The former congressman repeatedly called Trump, “Amnesty Don,” electing laughs from co-host Mika Brzezinski.

Mika Brzezinski and Joe Scarborough attend the Accessories Council 20th Anniversary celebration of the ACE awards (Getty Images)
Mika Brzezinski and Joe Scarborough attend the Accessories Council 20th Anniversary celebration of the ACE awards (Getty Images)

“A lot of people are calling him Amnesty Don,” Scarborough explained “That’s what people are calling him. I’m not calling him that. Hashtag Amnesty Don.”

“Am Don,” added Brzezinski.

“For 14 months, Amnesty Don has been putting illegal immigration at the center of Amnesty Don’s campaign,” Scarborough continued. “And yet, no one in Amnesty Don’s own campaign can tell you what amnesty Don’s position is after Amnesty Don won the primaries.”

“Even Amnesty Don’s own people don’t know what Amnesty Don’s going to do on this.”

Read more: http://dailycaller.com/2016/08/29/morning-joe-tries-to-give-trump-a-new-nickname-video/#ixzz4IkbmoROd

Scientists: Earth Entered a New Age Around 1950

Scientists: Earth Entered a New Age Around 1950
They cast vote in favor of the Anthropocene
By Kate Seamons,  Newser Staff
Posted Aug 29, 2016 11:17 AM CDT
Updated Aug 29, 2016 11:39 AM CDT
11 comments Comments
 

Shrink
This image of the Earth at night is a composite assembled from data acquired via satellite over nine days in April 2012 and thirteen days in October 2012.   (NASA)

(NEWSER) – If you’re under the age of about 66, then big news: You’ve lived your entire life in the Anthropocene epoch, or the age of man. At least, that what scientists who voted Monday in Cape Town, South Africa, would like to see after seven years spent considering the question. The AFP reports that the declaration of an official end to the Holocene—the current, nearly 12,000-year-long epoch that began at the end of the last major ice age—is a good two years off. The 35-member Working Group on the Anthropocene’s vote acts as a recommendation to the International Geological Congress, which is one of several academic bodies that will need to approve it. More:

  • Smithsonian has a very readable “What is the Anthropocene” primer from 2013, which gets at one of the hearts of the debate: How to decide the precise point in the geological record (think rocks and ice cores) that demarcates when humans began to affect the Earth.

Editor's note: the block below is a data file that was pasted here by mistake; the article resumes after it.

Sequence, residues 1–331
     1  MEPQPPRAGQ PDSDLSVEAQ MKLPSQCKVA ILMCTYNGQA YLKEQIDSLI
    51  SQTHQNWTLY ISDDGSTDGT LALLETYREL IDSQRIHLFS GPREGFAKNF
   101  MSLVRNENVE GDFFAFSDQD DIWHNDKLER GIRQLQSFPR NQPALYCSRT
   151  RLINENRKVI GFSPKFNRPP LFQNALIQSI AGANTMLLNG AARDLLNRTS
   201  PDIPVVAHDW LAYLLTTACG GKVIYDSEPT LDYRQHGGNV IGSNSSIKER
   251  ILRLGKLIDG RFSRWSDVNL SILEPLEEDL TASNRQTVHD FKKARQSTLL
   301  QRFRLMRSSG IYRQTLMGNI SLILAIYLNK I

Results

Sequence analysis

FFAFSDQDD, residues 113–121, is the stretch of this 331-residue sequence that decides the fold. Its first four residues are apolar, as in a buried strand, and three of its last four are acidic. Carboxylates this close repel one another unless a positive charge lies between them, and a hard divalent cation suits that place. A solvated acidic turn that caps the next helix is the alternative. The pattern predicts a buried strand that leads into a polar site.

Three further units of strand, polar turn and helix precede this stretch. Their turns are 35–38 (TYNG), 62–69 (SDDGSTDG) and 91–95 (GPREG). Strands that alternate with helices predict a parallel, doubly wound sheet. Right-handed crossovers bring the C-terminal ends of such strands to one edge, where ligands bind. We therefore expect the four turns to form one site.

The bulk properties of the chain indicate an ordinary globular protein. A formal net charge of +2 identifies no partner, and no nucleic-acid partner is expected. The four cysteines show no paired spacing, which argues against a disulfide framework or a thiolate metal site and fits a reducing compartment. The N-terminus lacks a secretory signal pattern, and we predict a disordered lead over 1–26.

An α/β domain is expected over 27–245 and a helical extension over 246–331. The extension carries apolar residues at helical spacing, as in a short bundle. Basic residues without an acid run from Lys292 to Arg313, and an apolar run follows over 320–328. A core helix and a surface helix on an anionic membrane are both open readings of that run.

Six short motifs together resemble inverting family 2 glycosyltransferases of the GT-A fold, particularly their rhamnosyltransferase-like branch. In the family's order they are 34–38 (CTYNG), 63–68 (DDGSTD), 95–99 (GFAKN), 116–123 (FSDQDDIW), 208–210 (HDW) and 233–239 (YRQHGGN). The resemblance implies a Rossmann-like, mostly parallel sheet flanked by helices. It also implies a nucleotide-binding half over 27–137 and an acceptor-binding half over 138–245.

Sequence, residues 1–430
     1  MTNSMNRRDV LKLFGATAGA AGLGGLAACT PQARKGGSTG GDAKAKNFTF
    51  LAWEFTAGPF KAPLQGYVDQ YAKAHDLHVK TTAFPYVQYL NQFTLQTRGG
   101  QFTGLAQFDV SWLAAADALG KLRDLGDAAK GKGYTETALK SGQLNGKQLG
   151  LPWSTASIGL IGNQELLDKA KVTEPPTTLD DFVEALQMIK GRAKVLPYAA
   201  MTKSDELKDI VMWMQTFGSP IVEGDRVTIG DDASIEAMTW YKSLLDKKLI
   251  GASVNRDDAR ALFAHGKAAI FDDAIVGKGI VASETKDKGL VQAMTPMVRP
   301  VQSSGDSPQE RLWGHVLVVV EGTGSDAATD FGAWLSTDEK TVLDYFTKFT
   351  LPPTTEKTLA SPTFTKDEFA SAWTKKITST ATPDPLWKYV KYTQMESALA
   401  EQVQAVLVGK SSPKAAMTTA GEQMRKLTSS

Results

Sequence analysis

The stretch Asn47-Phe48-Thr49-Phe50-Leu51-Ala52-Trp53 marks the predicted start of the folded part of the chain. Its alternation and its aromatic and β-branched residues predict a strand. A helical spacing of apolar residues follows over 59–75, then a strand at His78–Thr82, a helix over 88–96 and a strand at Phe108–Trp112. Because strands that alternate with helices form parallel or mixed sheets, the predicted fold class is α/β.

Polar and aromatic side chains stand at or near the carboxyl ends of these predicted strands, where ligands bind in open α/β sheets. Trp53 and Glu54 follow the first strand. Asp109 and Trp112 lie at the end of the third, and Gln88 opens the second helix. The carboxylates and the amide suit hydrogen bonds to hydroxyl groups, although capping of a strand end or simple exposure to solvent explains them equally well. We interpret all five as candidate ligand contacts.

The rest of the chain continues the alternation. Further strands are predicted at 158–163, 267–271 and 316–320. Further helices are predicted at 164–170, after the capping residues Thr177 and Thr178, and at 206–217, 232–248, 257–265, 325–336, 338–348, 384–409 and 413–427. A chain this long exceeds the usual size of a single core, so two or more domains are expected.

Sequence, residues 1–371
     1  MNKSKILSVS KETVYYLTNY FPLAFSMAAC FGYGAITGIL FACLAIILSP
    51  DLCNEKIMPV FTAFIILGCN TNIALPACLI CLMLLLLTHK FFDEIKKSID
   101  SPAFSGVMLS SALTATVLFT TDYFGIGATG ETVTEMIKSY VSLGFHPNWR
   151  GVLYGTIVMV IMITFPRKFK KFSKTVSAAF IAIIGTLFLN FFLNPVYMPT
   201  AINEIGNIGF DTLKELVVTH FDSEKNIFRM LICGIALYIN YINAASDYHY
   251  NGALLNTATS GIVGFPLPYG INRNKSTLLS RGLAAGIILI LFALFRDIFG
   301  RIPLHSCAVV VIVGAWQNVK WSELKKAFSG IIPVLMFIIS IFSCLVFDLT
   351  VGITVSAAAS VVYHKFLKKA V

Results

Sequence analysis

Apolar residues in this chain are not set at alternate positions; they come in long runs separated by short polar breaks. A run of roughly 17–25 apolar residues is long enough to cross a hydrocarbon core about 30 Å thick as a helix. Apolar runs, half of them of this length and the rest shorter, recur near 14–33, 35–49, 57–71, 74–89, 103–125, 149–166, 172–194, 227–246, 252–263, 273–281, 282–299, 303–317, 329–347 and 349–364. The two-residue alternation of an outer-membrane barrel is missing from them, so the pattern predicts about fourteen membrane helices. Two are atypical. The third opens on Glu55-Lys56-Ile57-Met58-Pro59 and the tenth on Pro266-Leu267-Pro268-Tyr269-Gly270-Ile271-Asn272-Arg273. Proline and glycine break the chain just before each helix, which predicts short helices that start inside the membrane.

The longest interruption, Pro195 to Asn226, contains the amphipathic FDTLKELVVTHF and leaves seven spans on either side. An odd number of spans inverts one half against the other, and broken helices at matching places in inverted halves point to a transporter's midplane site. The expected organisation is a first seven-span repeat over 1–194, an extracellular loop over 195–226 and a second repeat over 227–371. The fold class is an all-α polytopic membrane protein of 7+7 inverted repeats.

• The AFP explains that the start of the Holocene was determined by an ice core drilled from the central Greenland ice sheet; it’s kept in a freezer in Denmark and is said to provide “unprecedented clarity.”
  • As for what “golden spike” will define the new epoch, the Working Group recommends the nuclear bomb tests that occurred around 1950 and scattered radioactive elements around the planet. The Guardian has more.
  • Working Group member Jan Zalasiewicz says countries have traditionally been eager to submit a golden spike sample, but that there might be some hesitation this time around due to what the Telegraph calls the “negative associations” of the Anthropocene.
  • The New Yorker in 2015 looked at debate about that Anthropocene golden spike (other arguments place it in 1610 and 1964), but saw that as secondary to the effect of the designation, regardless of its starting point. It quotes a Working Group member thusly, “It is geologists saying, ‘We are witnesses to this profound and problematic transition. And we want the world to talk about it.'”
  • To that end, Paul Crutzen—the man who coined the term Anthropocene in 2000—in 2011 wrote a column for Yale Environment 360 that suggests three answers to the question: “What then does it mean to live up to the challenges of the Anthropocene?”

Mark David Chapman’s Parole Denied—Again

Mark David Chapman’s Parole Denied—Again
John Lennon’s killer denied parole for 9th time, can try again in 2 years
By Jenn Gidman,  Newser Staff
Posted Aug 29, 2016 12:03 PM CDT
5 comments Comments
 

 
This May 15, 2012, photo provided by the New York State Department of Corrections shows Mark David Chapman at the Wende Correctional Facility in Alden, NY.   (AP Photo/New York State Department of Corrections)

(NEWSER) – Nearly 36 years after he shot John Lennon dead, Mark David Chapman is still trying to get out of prison—and an upstate New York parole board is still denying him that chance, per the Hollywood Reporter. The 61-year-old, who’s said to have learned how to fix wheelchairs during his prison stint, was denied parole for the ninth time by a three-person panel, an official from the state Department of Corrections and Community Supervision tells the New York Daily News, declining to elaborate on what factors led to the decision.

That means Chapman, who killed Lennon in NYC on Dec. 8, 1980, will have to spend at least two more years in the Wende Correctional Facility before he’s up for parole again. Per previous reports in the Daily News, five people since his last parole hearing (2014) are said to have sent letters supporting his release, while two letters—including one from Lennon’s widow, Yoko Ono, who has said, “He did it once, he could do it again”—reportedly asked for the parole board to keep him behind bars.